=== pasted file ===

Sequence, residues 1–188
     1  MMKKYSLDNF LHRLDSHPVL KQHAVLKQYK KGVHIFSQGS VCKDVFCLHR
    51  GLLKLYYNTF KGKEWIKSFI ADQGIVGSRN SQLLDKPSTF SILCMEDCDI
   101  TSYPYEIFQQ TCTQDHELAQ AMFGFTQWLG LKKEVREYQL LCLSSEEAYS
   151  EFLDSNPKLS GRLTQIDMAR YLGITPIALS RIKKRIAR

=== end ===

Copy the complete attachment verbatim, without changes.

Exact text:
Sequence, residues 1–188
     1  MMKKYSLDNF LHRLDSHPVL KQHAVLKQYK KGVHIFSQGS VCKDVFCLHR
    51  GLLKLYYNTF KGKEWIKSFI ADQGIVGSRN SQLLDKPSTF SILCMEDCDI
   101  TSYPYEIFQQ TCTQDHELAQ AMFGFTQWLG LKKEVREYQL LCLSSEEAYS
   151  EFLDSNPKLS GRLTQIDMAR YLGITPIALS RIKKRIAR